Background: Epstein–Barr virus (EBV)-associated gastric cancer (GC) and microsatellite-instability-high GC are associated with a low prevalence of regional lymph node metastasis (LNM). To evaluate the feasibility of endoscopic treatment of EBV-associated and/or microsatellite-instability-high early GC (EGC), we analyzed the risk factors for LNM using a large series (n = 756) of submucosa-invasive (SM) EGC. Methods: EBV-encoded RNA in situ hybridization (EBER ISH) and immunohistochemistry for four mismatch repair (MMR) proteins (MLH1, PMS2, MSH2, and MSH6) were performed. The clinicopathologic features and results of EBER ISH and immunohistochemistry were compared according to the LNM status. Results: Among the cases, 146 EGCs (19.3 %) showed LNM. EBV negativity, larger tumor size (greater than 2 cm), deeper level of submucosal invasion, submucosal invasion depth greater than 500 µm, presence of ulceration, and presence of lymphovascular invasion (LVI) were associated with LNM. However, the MMR deficiency was not correlated with LNM. On multivariate regression analysis, larger tumor size (greater than 2 cm; odds ratio 1.6, p = 0.030), deeper level of submucosal invasion (odds ratio 2.9, p = 0.001), LVI (odds ratio 7.4, p < 0.001), and EBV negativity (p = 0.020) were independent risk factors for LNM in SM EGCs. Conclusions: EBV positivity was a favorable risk factor for LNM in SM EGC. However, MMR deficiency was not associated with the status of LNM. Thus, we suggest that examination with EBER ISH could be considered for endoscopic resected specimens, especially in cases of SM EGC showing no LVI and clear resection margins.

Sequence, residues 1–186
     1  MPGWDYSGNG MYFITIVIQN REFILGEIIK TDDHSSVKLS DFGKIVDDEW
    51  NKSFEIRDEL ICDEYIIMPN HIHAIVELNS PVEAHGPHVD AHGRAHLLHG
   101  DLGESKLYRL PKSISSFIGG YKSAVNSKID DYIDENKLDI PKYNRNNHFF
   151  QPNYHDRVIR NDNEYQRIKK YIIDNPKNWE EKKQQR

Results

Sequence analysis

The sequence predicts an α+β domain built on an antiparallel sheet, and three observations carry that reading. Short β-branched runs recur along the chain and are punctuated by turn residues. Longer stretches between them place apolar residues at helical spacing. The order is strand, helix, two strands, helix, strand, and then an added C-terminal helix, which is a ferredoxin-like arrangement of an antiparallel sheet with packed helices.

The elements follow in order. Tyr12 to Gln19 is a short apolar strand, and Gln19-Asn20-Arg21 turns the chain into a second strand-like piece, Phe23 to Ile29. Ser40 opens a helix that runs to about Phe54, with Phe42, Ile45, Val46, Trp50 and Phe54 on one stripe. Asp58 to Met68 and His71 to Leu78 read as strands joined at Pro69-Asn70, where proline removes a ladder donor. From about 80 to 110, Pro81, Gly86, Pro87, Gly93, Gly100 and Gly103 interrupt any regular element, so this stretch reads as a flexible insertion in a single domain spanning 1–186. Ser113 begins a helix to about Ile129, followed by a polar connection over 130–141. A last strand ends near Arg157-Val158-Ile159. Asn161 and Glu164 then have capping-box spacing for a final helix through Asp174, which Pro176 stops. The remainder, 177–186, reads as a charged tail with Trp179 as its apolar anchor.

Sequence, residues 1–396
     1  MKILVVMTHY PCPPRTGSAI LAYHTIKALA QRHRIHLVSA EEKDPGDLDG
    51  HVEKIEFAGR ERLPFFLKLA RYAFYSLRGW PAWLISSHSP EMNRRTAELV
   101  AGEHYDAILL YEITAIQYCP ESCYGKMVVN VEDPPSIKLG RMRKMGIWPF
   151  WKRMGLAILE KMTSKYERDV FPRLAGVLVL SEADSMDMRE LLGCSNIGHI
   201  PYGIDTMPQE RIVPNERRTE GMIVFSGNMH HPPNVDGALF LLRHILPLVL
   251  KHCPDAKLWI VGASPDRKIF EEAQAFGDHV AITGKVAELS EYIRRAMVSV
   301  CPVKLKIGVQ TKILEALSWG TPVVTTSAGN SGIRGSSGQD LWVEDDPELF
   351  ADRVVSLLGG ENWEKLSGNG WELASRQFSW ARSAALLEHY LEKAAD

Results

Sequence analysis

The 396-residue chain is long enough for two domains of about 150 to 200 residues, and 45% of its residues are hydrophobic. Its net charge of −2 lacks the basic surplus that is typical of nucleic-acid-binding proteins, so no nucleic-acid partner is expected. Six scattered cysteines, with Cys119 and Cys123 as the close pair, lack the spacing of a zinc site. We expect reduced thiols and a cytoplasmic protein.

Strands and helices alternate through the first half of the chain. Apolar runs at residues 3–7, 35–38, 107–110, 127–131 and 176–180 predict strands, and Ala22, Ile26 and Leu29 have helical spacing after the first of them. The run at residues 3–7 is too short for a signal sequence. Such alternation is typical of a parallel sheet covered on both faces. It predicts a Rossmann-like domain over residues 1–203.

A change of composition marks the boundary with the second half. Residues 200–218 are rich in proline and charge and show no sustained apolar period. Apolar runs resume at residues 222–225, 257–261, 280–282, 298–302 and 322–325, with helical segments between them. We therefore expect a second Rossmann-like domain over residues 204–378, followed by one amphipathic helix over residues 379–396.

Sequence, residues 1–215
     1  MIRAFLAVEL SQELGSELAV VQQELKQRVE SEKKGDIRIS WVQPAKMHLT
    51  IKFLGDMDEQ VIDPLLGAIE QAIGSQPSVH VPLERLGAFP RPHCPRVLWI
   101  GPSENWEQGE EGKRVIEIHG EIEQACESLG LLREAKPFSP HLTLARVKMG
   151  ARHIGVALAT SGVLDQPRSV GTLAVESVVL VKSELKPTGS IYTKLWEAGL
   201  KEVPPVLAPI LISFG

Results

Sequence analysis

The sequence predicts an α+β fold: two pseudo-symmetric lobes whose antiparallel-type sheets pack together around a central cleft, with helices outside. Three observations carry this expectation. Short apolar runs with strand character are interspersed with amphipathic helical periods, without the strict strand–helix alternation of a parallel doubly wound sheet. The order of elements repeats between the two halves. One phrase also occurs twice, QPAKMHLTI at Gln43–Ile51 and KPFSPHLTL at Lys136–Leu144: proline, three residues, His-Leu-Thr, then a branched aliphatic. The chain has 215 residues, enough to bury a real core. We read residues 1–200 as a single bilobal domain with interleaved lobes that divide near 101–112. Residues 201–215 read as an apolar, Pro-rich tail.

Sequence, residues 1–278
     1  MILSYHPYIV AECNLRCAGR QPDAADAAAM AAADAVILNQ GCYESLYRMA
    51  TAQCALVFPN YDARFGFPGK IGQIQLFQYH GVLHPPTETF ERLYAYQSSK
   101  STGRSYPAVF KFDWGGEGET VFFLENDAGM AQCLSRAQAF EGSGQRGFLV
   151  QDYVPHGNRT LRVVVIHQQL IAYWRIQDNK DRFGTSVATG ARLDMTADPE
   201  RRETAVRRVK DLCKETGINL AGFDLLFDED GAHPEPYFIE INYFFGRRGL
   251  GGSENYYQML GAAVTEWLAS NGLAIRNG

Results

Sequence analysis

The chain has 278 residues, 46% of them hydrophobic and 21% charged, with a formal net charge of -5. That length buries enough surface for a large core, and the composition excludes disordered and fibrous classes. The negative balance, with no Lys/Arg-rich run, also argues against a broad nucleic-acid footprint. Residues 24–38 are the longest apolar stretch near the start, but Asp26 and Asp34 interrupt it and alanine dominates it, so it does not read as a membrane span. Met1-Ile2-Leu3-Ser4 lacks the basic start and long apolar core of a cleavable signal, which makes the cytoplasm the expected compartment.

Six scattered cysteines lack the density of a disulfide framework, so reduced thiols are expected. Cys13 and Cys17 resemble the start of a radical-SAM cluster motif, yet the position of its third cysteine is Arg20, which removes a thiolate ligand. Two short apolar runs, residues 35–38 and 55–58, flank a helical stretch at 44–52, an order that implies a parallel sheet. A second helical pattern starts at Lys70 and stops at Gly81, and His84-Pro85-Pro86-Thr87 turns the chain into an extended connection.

All Science Journal Classification (ASJC) codes
- Cancer Research